Jeremy Craig, 404-413-1357
ATLANTA — A Georgia State University scientist has found a new way to simulate data in examining processes during photosynthesis, a method which will lead to a better understanding of how plants work.
Gary Hastings, professor of physics, has developed a way to better interpret measurements that investigate the molecular interactions involved in photosynthesis. By using the data provided through Hastings’ method, scientists will be able to more accurately develop a mathematical model of photosynthetic processes in plants.
The research appears in a journal article released Monday in the Proceedings of the National Academy of Sciences.
In photosynthesis, plants capture sunlight and use it to produce carbohydrates used as energy. In the process sunlight is used to transfer electrons across a membrane, Hastings explained. There is a positive terminal on one side of the membrane and a negative terminal on the other.
“Essentially, a plant is a solar-powered battery,” he said. “The process is remarkably efficient, much more so than in artificial materials. The question is: ‘How do electrons get across this membrane with such efficiency?’”
Plants contain pigment molecules, such as chlorophyll and quinone, which give them their colors. In the process of photosynthesis, electrons “hop” from one pigment to the next to get across the membrane. Proteins interact with these pigments, and this gives them special properties allowing them to move electrons quickly and efficiently across the membrane.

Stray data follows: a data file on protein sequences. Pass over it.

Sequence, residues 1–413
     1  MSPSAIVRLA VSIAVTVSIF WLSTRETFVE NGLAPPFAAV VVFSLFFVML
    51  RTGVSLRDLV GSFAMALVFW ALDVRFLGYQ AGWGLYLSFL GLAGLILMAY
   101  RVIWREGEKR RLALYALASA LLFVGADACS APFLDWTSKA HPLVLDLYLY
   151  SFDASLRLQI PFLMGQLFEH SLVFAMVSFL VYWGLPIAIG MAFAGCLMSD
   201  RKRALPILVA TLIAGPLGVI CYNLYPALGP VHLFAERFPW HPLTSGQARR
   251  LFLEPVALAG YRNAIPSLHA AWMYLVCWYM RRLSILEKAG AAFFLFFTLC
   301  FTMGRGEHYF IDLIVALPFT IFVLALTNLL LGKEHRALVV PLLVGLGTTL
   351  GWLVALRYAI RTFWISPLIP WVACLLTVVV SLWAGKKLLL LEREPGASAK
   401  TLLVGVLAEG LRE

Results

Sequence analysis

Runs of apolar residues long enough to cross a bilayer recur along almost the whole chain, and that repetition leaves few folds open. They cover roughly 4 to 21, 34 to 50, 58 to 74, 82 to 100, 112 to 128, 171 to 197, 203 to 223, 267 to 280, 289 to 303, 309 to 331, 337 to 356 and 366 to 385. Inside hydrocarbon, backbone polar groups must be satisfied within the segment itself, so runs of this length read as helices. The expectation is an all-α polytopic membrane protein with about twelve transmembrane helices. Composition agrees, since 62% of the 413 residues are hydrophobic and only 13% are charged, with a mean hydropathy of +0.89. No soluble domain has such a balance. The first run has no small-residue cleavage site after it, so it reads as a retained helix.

“The burning question is, what is it about these protein interactions that modify the properties of the pigments to help get electrons across the membrane? This is really a structural biology question, and everything we do is geared towards understanding how proteins modify these pigment properties,” Hastings said.
The new method Hastings shows in his article provides an approach using numerical, or quantitative, data to describe the results of research using a process called Fourier Transform Infrared (FTIR) spectroscopy. Previously, the norm for the field was to use a more descriptive, or qualitative, approach.
This research, in time, may lead to ways to predict how new plant strains might function more efficiently – something with implications in many fields, including biofuel research.
Hastings’ research was made possible by powerful supercomputing resources at GSU. Hastings and his team used the university’s IBM p5 supercomputer, called URSA, which allowed for the efficient processing of huge calculations in days, instead of the months it would have taken on even the fastest desktop computers.
GSU recently increased its supercomputing power by acquiring an IBM p7-755 supercomputer, named CARINA. It can run calculations at more than 14 trillion calculations per second.
Hastings’ article, “Calculated Vibrational Properties of Pigments in Protein Binding Sites,” appears online in the Proceedings of the National Academy of Sciences, located online at www.pnas.org.
May 17, 2001